In every regional idiom of our American English language, we have many ways to say, “I hate that.” It’s as simple as a sound and a face, “Ugh,” with our mouth and eyes and nose looking as though we have just smelled something phenomenally foul. Why are we surprised when our government says the same thing to us? Our elected officials are selected by us and reflect our values.
“You may not marry.”
“You may not serve your country with pride.”
“You may not receive adequate health care or education.”
“You may not be considered beautiful.”
Those who have had to live with the impact of these messages are all being told that we have no value in segments of society and that our needs and dreams are unnecessary to the overall happiness of our country.
Why does this disregard, discrimination, and distrust come so easily to us as a nation? At this point, with the media having such a rich influence in our lives and policies, we cannot claim ignorance any longer. We are making these choices consciously and with the full understanding of how our fellow citizens are being affected by these choices. We are fully responsible legislatively, culturally, and personally.
And, yes, it is personal.
To someone I love very much, when she is told by a physician that he doesn’t have time to discuss why he is making the determination he is on her health, he is saying that because she is brown and poor, she doesn’t deserve compliance with the hypocratic oath he took when he became a physician. This person is going to be allowed to continue his practice for many years to come, I’m sure, because who is going to listen to his painfully neglected patient?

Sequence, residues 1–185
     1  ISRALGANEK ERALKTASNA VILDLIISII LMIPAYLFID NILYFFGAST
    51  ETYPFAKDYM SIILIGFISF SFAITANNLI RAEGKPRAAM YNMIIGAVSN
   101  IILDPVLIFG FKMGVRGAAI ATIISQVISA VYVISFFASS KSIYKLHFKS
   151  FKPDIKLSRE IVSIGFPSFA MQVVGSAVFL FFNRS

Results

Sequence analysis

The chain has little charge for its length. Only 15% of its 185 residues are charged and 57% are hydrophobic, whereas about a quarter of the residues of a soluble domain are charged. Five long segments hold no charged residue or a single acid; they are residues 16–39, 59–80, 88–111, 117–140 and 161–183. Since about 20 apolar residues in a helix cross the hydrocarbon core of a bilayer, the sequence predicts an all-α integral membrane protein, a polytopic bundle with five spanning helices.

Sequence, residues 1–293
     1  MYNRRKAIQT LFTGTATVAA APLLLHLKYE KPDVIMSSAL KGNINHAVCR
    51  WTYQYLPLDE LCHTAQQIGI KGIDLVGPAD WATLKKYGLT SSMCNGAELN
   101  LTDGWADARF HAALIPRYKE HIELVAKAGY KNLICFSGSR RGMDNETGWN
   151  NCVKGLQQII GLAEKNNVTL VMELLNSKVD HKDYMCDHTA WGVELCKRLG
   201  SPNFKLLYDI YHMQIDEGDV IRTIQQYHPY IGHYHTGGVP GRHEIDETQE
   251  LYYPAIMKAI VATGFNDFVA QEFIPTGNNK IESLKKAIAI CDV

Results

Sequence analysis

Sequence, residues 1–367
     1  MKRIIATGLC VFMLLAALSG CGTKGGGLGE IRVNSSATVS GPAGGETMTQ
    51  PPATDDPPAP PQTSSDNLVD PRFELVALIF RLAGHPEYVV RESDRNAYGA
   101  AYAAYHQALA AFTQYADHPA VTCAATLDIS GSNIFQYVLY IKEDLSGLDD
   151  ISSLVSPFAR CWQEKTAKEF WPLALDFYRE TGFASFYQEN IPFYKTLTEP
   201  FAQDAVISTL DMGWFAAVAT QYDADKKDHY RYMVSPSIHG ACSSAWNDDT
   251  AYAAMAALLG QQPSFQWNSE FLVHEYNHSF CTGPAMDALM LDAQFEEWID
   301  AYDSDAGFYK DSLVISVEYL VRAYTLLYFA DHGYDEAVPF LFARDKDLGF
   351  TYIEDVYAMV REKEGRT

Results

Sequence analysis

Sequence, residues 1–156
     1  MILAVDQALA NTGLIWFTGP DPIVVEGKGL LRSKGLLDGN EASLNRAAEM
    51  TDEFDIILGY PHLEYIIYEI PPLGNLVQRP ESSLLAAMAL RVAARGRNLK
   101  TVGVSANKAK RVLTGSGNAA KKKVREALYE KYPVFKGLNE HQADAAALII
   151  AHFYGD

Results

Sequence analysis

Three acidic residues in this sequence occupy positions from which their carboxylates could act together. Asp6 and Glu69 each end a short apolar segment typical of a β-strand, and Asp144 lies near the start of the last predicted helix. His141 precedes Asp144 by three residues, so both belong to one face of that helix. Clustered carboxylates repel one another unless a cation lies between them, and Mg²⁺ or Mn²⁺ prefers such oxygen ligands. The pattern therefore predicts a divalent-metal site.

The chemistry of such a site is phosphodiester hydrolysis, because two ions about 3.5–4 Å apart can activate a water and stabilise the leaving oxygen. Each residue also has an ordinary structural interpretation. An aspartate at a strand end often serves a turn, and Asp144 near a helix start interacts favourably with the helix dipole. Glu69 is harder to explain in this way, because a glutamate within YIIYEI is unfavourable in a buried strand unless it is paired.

When only twelve percent of our nation’s states have acknowledged the love and commitment between two gay people, we are saying that a large majority, 78%, of our people feel that our lives together as a couple have no meaning. These 78% of states are being supported by the United States Supreme Court when they said that the “Don’t Ask, Don’t Tell,” policy was not unconstitutional at the national level, and when the California Supreme Court did not overturn Proposition 8.
It’s as simple as not receiving an e-mail from a teacher. When a parent writes and asks for information that will assist her in supporting the assignments the instructor gives, and all she receives is silence, the teacher is saying, “Your child has no value to me. His education doesn’t count and what happens to him at the end of the year is of no consequence.”
Here in Sacramento, there was a shock jock who stated that if his son ever wore high heels, he, as a father, would beat that child with a shoe. This was not something he said in the privacy of his home. This person said this statement on the air and laughed about it.
Now, we must face the truth that one of our citizens has walked into a museum honoring the memory of those who lost their lives during World War II and shot someone to make the statement that the shooter believes that there was no holocaust.
When does it click, my friends? When do we get that we cannot allow this to continue? When does everyone in our country become full Americans to everyone else? We have waited for 232 years. Isn’t that long enough?
It’s time we decide, consciously and lovingly, that we will only tolerate respect in our homes and on our streets. We will only permit those who understand the genuine value of every single person in our country to be elected to our legislative and judicial offices. Only those who recognize the critical need for an exceptional education for every child, even when it’s difficult to accomplish, will be allowed to receive a teaching credential. Every physician will be personally held accountable for ensuring that each of their patients understands his or her medical situation.
Simply put, we must only allow love to guide us. Everywhere. Always.